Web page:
Solutions: our rental car has a safety pull cord inside the trunk. It shows a drawing of a person leaping out of the trunk on it. I'm not sure you could actually see this in the dark, so possibly a glow in the dark pull cord or possibly some mood lighting for unexpected trunk rides might be in order.

Friday, October 20, 2006

Misuse of multimedia systems

Place: westfield shopping center, san francisco

Design problem: the large floor map of the mall in the information kiosk is a large touch screen. It is placed next to a static listing of businesses and locations. Touching the map removes the mall floorplan and replaces it with a dialog box offering a variety of services such as searching for a brand or store name. However public information kiosks are often used simultaneously by multiple customers. In the current design if one person touches the screen, no other customer is able to get their questions answered until the first has completed their interaction. When I first saw the kiosk there was a crowd of people standing around it - not in amazement - but with irritated looks waiting for an elderly shopper to finish using the device. Most walked off without getting the information they wanted.

Proposed solutions: the potential for mall kiosk systems is high. They can show you how to get to a store from your current location, or let you search for a specific product and see if it in stock or compare prices (this kiosk did not do this). However they must support multiple users at the same time, be at least as efficient as the old paper posters for common tasks (e.g. Browsing stores in a category), and they should ultimately make the shopping experience better - not more frustrating. Multiple smaller kiosks would help, as would side by side paper and digital kiosks, so that the paper could be used while the digital one was busy.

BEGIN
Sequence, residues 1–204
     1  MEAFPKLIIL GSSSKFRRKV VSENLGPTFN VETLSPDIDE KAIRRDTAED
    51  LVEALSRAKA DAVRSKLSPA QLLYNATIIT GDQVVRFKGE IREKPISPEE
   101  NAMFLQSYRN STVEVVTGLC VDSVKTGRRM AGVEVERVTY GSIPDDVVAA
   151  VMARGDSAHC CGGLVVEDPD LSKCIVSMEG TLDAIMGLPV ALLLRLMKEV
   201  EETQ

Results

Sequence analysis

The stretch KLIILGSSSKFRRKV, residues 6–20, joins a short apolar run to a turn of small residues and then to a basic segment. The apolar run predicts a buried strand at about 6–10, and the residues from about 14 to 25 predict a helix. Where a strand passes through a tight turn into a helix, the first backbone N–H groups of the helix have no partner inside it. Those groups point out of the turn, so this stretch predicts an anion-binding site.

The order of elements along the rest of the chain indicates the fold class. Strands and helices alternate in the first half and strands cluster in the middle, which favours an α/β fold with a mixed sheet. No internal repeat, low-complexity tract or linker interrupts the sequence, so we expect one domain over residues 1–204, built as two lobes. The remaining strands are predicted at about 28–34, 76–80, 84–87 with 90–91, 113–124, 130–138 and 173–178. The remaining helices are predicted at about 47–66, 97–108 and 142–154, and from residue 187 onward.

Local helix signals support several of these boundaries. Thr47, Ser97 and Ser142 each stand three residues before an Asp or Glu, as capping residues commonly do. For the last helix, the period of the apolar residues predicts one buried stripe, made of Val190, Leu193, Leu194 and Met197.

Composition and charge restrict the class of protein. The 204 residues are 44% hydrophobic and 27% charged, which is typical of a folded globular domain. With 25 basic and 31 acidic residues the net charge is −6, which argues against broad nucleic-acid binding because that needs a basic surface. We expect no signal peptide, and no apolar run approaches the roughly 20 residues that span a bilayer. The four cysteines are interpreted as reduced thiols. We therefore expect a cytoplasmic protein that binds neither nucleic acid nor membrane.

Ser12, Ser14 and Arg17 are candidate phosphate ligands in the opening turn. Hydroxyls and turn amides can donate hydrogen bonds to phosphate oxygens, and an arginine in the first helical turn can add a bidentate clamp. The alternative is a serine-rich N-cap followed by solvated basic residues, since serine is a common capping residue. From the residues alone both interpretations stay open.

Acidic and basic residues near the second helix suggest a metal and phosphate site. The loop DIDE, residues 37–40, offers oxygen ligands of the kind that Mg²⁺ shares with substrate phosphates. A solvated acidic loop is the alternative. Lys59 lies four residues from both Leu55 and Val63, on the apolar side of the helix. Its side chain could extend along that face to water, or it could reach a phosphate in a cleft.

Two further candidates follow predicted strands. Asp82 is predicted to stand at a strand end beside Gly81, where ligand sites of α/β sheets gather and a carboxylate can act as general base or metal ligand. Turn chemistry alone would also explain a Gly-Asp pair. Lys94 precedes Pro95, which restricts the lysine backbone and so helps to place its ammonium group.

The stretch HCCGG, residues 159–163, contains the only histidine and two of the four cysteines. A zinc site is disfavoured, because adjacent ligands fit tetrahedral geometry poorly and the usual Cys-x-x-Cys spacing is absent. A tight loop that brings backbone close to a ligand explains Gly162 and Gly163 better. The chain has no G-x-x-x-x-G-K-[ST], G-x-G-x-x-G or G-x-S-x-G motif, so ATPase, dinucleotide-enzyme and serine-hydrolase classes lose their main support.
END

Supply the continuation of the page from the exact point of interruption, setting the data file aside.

The two photos demonstrate the new unusable touch screen and the old usable printed poster (located in different parts of the mall).

Wednesday, October 11, 2006

Getting off an aircraft

Place: on a recently landed plane in Florida

Design problem: A lot of people need to get off a plane in a short period of time, *every time* a plane lands. The current solution is to make one or two long single-file lines go out *one* door. Is there a worse possible solution to this problem?; only not letting people off comes to mind. The issue is partially how the plane is managed (the administration Southwest airlines) and partially how it is structured (e.g. Boeing).

Potential solutions: Many busy buses have two doors - with good reason. Trains also have multiple doors. Virgin airlines in Australia boarded and emptied planes from both the front and the back of the plane at the same time. This helps, but it only cuts the problem in half. The real problem is that people need to unclip their seatbelt, get into the aisle, find their bags, and check if they have forgotten anything - all while having a line behind them. A passing lane works on a freeway for slow motorists, why not on an airplane? Make the plane a little wider and the passengers a lot happier. And why not use three doors to enter and exit? Sure, it might require redesigning the entry ramps and planes, or deplaning people onto the tarmac, but the customers would get in and out more rapidly (which makes the airlines more timely) and customers would be less frustrated with their flights.